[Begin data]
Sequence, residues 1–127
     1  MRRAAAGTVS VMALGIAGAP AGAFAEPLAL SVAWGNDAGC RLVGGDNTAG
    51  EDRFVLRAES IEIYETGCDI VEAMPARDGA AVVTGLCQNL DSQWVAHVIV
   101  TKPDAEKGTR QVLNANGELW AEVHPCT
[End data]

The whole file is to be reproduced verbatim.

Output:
Sequence, residues 1–127
     1  MRRAAAGTVS VMALGIAGAP AGAFAEPLAL SVAWGNDAGC RLVGGDNTAG
    51  EDRFVLRAES IEIYETGCDI VEAMPARDGA AVVTGLCQNL DSQWVAHVIV
   101  TKPDAEKGTR QVLNANGELW AEVHPCT